TOPICS: Foreign Affairs
KEYWORDS: 1984; eurasianism; putin

1 posted on 10/05/2011 9:10:38 PM PDT by Tailgunner Joe
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To: Tailgunner Joe

Putin is still as dangerous as he ever was. The fact that some still refuse to see that is amazing.


2 posted on 10/05/2011 9:16:12 PM PDT by Lazlo in PA (Now living in a newly minted Red State.)
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To: Tailgunner Joe

Putin’s “grand vision” is to be Stalin. He’s a dangerous little freak. There were a couple of mob bosses on “The Sopranos” that reminded me of Putin. The other mob bosses had them whacked for the good of the mob.


3 posted on 10/05/2011 9:24:57 PM PDT by ozzymandus
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To: ozzymandus
There were a couple of mob bosses on “The Sopranos” that reminded me of Putin. The other mob bosses had them whacked for the good of the mob.

A) life isn't like on Television. If you own a television, you are part of the problem and not part of the solution.

B)Whacking Putin is much easier said than done. He is young enough, healthy enough, and still has assets in the KGB. He looks a lot more like a whacker than a whackee.

And the only other power on the planet (that could) won't mess with him. Mossad has bigger fish to fry.

/johnny

4 posted on 10/05/2011 9:47:19 PM PDT by JRandomFreeper (gone Galt)
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To: JRandomFreeper

Golly gee, sorry to offent you by owning a TV. I’m sure your hero Putin is safe for now, so calm down, comrade.


5 posted on 10/05/2011 10:03:14 PM PDT by ozzymandus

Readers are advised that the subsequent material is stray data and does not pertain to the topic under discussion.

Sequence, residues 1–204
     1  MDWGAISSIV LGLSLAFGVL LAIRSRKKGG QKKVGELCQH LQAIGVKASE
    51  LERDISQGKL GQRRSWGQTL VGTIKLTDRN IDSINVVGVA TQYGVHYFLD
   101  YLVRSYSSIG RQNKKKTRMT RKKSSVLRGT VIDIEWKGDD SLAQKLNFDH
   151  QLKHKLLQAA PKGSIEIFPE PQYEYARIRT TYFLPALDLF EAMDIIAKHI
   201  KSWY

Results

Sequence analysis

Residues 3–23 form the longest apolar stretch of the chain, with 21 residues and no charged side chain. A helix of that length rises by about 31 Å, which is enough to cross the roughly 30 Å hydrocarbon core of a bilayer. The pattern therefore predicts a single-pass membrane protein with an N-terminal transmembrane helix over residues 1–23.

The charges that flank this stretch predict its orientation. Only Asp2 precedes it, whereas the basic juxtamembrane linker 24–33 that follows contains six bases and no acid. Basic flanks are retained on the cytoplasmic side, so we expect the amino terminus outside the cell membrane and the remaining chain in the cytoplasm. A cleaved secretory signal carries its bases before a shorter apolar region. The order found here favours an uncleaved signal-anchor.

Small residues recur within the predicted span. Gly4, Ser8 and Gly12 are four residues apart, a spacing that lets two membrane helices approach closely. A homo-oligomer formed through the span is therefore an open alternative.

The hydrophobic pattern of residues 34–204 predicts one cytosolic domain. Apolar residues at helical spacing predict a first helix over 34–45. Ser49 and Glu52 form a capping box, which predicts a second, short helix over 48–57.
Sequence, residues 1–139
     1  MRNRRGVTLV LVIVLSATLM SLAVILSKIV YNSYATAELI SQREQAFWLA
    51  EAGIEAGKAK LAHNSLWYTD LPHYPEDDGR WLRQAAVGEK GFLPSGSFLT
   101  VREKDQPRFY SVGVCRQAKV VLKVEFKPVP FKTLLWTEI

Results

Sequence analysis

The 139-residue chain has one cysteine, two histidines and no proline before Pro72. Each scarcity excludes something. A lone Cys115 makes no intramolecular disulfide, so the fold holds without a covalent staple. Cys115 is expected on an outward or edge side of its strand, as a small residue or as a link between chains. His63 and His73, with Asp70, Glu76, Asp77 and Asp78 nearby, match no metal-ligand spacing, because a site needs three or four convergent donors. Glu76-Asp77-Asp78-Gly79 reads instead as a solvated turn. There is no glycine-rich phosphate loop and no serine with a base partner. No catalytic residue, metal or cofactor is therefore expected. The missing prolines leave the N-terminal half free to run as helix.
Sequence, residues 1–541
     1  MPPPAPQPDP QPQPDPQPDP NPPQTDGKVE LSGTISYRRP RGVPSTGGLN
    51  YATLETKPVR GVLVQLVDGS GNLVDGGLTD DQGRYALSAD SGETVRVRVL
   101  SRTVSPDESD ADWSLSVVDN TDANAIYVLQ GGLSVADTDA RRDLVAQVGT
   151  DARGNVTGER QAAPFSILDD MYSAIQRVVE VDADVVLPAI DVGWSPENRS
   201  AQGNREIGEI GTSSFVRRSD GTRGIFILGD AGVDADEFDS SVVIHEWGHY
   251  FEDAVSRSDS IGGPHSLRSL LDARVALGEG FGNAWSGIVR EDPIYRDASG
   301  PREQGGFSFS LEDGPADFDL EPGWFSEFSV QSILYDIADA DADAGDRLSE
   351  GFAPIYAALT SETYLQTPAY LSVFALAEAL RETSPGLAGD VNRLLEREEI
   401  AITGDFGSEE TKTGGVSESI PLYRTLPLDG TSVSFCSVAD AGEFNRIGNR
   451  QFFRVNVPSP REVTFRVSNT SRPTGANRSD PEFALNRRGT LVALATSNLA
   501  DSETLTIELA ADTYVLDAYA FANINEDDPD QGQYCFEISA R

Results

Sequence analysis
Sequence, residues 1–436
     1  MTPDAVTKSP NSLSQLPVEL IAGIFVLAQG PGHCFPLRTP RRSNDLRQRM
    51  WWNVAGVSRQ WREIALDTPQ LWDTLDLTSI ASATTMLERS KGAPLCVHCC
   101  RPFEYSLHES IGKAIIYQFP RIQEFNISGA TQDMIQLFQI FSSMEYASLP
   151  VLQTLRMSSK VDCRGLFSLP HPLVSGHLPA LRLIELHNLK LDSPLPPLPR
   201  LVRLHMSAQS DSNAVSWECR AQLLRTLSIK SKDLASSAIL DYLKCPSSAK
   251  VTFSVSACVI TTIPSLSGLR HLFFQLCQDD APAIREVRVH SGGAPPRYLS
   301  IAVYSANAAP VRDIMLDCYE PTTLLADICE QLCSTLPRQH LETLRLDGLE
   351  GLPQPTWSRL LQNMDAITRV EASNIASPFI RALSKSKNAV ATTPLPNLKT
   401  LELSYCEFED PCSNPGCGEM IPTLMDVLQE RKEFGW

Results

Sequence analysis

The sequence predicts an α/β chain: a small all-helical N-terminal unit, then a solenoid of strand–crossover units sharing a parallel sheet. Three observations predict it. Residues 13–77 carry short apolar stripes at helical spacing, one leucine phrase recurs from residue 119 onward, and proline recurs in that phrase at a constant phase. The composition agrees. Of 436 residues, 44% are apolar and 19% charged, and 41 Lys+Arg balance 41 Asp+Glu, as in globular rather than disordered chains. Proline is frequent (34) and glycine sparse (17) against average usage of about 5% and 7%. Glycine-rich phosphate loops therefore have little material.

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To: ozzymandus
Anyone that owns, watches or pays attention to television is a spokesperson for the left.

You speak what you hear. And if you let the TV into your world, you speak liberal.

No television here for over 10 years. I'm not a communist. Tovarich.

But I am sick of TV watching Americans comparing real life to what they see on television.

It's pretty disgusting.

/johnny

6 posted on 10/05/2011 10:08:36 PM PDT by JRandomFreeper (gone Galt)
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To: ozzymandus
The other mob bosses had them whacked for the good of the mob.

That scene was written by leftists in Hollywood.

/johnny

7 posted on 10/05/2011 10:09:58 PM PDT by JRandomFreeper (gone Galt)
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To: JRandomFreeper

So everybody in the world who owns a television is a “spokesman for the left”? It must get pretty lonely in that cave.


8 posted on 10/05/2011 10:29:03 PM PDT by ozzymandus
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To: ozzymandus
I'm not the one quoting something written by hollywood leftists like it has any relevance to the real world.

Mr. Soprano's guy.

It's a lot less lonely in the real world instead of mindlessly staring into a boob-tube. I interacted with real humans today.

/johnny

9 posted on 10/05/2011 10:36:46 PM PDT by JRandomFreeper (gone Galt)
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To: JRandomFreeper

I am so totally right there with you on Item A. The propaganda audio-visual-emotional wizardry is incessant and as someone who doesn’t watch (own TV’s hooked up to DVD & VCR for movies; no cable/Dish/whatever though), it’s so clear to me how TV influences our culture in vocabulary, ideology, mythology (from much of the “news” and “reporting” viewers are subjected to), and outright propaganda.


10 posted on 10/06/2011 12:48:39 AM PDT by MonicaG (God bless our military! Praying and thanking God for you every day. Thank you!)
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To: Tailgunner Joe

The White Russian background is interesting. Anti-Communist emigres were opposed to Stalin’s project of carving up Russia to contain it. They distrusted the West which did nothing to do to keep the Bolsheiviks from taking power. Many in Russia think the country should focus on the Near Abroad rather the West. Russia’s natural influence is the post-Soviet space through the market economy and a common outlook. Its not a reversion to the Soviet Union. Those who want to rebuild it have no brain.


11 posted on 10/06/2011 4:10:29 AM PDT by goldstategop (In Memory Of A Dearly Beloved Friend Who Lives In My Heart Forever)